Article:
by Jean-Paul Sartre
The Flies Freedom and Confinement Quotes
How we cite our quotes: Citations follow this format: (Act.Scene.Line). Every time a character talks counts as one line, even if what they say turns into a long monologue. We used the translation by S. Gilbert found in No Exit and Three Other Plays, published by Vintage Books in 1989.
You cannot share in their repentance, since you did not share in their crime. Your brazen innocence makes a gulf between you and them. (1.1.81)
Orestes realizes this later, and re-iterates the point when he says he will take a weight upon himself to become heavy as the people of Argos are.
They have guilty consciences, they're afraid – and fear and guilty consciences have a good savor in the nostrils of the gods. Yes, the gods take pleasure in such poor souls. Would you oust them from the favor of the gods? What, moreover, could you give them in exchange? Good digestions, the gray monotony of provincial life, and the boredom – ah, the soul-destroying boredom – of long days of mild content. (1.1.81)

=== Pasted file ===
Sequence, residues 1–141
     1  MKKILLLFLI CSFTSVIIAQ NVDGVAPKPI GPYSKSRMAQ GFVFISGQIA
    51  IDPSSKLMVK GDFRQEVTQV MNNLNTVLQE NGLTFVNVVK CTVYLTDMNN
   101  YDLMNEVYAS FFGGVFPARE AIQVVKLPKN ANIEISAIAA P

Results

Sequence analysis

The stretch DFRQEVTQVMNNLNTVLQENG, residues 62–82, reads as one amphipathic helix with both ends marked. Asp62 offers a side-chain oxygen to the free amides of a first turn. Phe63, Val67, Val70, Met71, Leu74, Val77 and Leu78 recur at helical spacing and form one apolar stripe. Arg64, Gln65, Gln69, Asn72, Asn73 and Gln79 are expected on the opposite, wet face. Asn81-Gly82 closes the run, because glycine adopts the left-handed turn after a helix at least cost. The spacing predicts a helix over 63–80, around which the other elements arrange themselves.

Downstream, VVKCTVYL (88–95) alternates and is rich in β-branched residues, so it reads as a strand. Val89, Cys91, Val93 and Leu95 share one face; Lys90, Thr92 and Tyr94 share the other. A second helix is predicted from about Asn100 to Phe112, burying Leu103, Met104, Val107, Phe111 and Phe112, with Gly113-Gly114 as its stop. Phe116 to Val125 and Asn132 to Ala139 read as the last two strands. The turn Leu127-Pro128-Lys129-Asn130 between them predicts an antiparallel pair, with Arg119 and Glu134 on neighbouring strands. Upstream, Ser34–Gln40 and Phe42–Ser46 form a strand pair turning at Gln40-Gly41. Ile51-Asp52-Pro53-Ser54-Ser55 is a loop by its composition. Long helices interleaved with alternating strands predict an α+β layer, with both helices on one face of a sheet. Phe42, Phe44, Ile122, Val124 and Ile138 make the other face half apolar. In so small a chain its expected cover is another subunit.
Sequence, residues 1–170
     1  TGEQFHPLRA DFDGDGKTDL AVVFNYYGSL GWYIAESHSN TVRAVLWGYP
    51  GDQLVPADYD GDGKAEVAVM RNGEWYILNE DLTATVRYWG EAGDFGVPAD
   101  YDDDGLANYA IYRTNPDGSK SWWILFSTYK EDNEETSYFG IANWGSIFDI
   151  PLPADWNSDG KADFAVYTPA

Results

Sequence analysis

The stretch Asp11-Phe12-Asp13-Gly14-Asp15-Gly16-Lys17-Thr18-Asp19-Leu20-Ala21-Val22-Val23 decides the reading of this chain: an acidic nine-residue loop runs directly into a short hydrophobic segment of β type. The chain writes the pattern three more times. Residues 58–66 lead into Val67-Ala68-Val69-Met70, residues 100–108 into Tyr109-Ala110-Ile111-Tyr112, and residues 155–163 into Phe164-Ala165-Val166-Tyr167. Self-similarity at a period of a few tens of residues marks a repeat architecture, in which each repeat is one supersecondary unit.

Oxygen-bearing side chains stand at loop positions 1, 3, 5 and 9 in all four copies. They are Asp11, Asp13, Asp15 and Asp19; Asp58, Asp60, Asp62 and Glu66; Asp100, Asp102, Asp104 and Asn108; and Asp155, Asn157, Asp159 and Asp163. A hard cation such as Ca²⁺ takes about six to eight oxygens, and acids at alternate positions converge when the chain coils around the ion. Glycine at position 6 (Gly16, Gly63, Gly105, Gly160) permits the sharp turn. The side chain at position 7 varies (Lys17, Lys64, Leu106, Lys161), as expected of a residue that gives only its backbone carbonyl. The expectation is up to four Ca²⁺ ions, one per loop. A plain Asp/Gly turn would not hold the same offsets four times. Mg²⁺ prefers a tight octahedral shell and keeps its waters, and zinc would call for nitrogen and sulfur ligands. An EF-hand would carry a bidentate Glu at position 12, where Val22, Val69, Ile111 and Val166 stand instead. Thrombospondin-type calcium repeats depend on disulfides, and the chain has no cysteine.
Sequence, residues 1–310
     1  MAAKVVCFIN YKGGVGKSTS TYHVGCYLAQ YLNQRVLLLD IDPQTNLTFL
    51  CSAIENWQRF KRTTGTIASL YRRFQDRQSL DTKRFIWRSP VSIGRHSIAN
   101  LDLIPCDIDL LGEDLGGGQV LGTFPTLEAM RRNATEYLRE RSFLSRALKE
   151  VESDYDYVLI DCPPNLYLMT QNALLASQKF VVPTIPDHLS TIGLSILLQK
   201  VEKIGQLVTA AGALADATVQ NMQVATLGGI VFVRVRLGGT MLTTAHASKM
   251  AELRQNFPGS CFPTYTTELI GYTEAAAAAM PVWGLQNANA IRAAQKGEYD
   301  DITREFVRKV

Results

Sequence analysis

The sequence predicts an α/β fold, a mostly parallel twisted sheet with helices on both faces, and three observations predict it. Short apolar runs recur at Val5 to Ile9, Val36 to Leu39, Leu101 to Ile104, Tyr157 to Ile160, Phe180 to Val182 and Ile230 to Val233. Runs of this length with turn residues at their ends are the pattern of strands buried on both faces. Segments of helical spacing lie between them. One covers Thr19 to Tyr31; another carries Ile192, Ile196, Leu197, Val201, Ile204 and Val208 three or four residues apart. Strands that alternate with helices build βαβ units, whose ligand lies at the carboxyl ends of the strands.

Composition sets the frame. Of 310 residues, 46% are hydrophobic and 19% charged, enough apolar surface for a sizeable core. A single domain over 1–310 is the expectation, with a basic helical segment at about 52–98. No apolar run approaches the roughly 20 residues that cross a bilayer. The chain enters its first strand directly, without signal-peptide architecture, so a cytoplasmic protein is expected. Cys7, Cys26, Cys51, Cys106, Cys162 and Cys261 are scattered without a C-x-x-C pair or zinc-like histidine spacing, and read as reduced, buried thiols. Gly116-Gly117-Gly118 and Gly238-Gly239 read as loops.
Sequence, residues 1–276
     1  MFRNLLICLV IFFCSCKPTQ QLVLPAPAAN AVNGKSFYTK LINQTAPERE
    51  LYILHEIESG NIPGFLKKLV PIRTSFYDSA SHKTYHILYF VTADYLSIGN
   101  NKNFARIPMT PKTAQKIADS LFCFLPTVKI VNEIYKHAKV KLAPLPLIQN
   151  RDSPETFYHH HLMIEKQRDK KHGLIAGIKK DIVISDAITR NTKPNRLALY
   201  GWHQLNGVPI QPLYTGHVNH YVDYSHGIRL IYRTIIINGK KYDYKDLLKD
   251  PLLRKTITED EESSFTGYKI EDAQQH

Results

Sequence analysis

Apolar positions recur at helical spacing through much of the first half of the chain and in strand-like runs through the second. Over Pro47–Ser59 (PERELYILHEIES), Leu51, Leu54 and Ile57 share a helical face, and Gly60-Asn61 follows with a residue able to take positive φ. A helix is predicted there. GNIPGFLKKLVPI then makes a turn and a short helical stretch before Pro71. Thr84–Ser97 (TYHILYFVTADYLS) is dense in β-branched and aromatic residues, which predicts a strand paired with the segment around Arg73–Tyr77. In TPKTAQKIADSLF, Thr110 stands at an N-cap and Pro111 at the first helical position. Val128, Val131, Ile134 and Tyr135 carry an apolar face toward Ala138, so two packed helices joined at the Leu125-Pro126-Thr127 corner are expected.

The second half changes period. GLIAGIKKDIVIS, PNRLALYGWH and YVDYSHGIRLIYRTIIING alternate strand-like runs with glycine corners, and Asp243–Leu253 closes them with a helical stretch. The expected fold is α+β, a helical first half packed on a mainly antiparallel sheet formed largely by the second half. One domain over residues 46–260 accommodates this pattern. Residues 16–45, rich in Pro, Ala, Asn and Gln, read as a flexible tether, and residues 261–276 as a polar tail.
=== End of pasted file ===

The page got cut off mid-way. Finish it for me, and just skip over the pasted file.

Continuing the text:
The people of Argos have chosen the murder of Agamemnon as the one event in their past that defines who they are. Without it, they face boredom, as Zeus calls it – an emptiness.
I wondered if you weren't hatching some wild scheme to oust Aegisthus and take his place.
[thoughtfully] To oust Aegisthus. Ah – [A pause.] No, my good slave, you need not fear. (1.1.103-4)
These stage directions are extremely important. Orestes hasn't even considered killing Aegisthus before this moment – unlike the classic Greek myth, he certainly didn't come to Argos seeking vengeance.